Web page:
Low Birth Weight

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Low Birth Weight

Postby pfpcnews » Wed Apr 04, 2012 3:07 am

Diouf M, Cisse D, Lo CM, Ly M, Faye D, Ndiaye O - "Pregnant women living in areas of endemic fluorosis in Senegal and low birthweight newborns: Case-control study" Rev Epidemiol Sante Publique. 2012 Apr;60(2):103-8. Epub 2012 Mar 14.


Département d'odontologie, faculté de médecine de pharmacie et d'odontologie, université Cheikh Anta Diop de Dakar, BP 45391, Dakar, Fann, Sénégal.



In developing countries, maternal and neonatal mortality is high. Among the causes of death during the neonatal period, low birth weight is crucial. A dose of fluoride beyond 2mg/L causes enamel damage, possibly affecting the fetus. The aim of this study was to search for an association between dental fluorosis in the mother and low birthweight of the newborn.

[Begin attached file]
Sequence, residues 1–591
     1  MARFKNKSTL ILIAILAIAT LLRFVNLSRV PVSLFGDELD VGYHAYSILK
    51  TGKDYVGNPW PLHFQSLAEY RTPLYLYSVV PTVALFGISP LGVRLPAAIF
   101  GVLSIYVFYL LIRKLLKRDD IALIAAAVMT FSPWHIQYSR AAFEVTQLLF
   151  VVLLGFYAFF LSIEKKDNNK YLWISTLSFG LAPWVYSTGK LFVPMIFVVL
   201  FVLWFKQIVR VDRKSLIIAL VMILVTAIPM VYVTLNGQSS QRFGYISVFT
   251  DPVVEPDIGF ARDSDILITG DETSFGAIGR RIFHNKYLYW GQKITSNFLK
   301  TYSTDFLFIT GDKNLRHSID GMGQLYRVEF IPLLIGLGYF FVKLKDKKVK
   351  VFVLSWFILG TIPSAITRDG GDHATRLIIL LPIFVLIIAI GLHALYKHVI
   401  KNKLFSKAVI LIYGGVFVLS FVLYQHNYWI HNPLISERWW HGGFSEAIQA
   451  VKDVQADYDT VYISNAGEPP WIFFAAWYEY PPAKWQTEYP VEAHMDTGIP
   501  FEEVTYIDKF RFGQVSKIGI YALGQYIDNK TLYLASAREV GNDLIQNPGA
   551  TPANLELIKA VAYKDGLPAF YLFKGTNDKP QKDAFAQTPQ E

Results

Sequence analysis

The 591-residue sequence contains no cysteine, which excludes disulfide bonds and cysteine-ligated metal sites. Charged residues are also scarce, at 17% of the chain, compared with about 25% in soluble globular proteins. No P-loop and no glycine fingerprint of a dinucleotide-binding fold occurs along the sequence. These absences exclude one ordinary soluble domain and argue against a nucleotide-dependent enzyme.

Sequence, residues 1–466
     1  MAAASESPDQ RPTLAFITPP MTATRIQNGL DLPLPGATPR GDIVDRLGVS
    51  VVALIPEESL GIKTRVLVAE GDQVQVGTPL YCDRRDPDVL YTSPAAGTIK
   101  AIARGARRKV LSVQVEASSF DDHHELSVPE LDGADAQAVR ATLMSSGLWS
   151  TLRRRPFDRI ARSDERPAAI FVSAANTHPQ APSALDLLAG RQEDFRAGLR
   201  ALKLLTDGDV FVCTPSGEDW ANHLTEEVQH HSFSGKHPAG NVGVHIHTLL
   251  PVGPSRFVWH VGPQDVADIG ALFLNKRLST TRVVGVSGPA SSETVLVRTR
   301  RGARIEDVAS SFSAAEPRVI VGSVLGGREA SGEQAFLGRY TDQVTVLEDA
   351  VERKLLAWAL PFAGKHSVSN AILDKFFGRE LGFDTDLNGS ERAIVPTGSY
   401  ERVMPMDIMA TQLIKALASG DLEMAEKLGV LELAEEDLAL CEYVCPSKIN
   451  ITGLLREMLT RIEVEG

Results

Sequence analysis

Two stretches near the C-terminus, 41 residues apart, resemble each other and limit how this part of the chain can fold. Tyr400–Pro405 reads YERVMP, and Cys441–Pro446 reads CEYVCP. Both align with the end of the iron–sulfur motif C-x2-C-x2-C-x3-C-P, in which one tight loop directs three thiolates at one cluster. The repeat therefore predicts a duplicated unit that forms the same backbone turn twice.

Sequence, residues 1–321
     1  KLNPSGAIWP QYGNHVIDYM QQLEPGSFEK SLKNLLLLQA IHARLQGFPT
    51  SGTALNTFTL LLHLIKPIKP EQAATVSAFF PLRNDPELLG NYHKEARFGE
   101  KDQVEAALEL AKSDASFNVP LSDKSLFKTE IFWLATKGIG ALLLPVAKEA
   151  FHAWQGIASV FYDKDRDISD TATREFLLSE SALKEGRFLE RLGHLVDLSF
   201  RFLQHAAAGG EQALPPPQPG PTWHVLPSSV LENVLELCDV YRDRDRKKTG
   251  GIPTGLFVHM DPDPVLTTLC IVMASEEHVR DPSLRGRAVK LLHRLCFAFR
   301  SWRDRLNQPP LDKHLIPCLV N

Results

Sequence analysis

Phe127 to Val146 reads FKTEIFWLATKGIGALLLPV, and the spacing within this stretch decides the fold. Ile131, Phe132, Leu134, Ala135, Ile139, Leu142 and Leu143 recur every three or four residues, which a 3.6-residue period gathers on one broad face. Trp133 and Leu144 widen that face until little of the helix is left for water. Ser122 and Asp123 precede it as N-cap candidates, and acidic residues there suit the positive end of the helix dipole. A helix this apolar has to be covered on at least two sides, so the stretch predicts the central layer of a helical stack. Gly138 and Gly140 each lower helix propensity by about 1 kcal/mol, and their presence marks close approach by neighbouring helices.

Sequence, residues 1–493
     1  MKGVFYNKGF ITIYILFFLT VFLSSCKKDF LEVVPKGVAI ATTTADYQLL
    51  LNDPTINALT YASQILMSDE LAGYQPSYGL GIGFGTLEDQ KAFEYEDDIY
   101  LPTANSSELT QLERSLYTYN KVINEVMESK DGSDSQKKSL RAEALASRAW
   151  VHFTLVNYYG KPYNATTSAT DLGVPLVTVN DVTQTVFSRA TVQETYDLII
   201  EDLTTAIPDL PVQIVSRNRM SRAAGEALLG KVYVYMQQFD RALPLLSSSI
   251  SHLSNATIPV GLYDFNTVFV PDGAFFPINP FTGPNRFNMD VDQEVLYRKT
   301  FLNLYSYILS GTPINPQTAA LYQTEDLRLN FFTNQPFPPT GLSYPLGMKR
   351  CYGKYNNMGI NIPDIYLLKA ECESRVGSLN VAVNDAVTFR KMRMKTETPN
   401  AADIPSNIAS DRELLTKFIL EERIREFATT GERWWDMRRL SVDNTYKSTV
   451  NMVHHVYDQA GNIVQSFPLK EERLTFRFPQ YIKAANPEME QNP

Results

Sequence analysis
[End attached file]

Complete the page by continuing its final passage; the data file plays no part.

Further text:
This was a case-control study performed in an endemic area in Senegal (Diourbel). It included 108 mothers who gave birth to newborns weighing less than 2500g (cases) and 216 mothers with newborns weighing greater or equal to 2500g (controls). Data on socio-demographic, lifestyle, history and pregnancy variables were collected. Those related to water consumption during pregnancy and dental fluorosis (Dean's index) were measured. The data were analyzed by R software. Logistic regression was used to identify associations and the statistical significance level was set to 0.05.

The proportions of mothers consuming well water were 62% among cases versus 43.5% among controls. The score 4 of Dean's Index was reported for 25.9% of cases versus 6.9% of controls. The water consumed and the modal score of Dean's Index were significantly associated with the occurrence of low birthweight adjusted for gender, consanguinity, anemia and hypertension.

Low birthweight was associated with pregnant women living in endemic areas. Defluoridation programs and access for pregnant women and children to high quality water are necessary in areas of endemic fluorosis.
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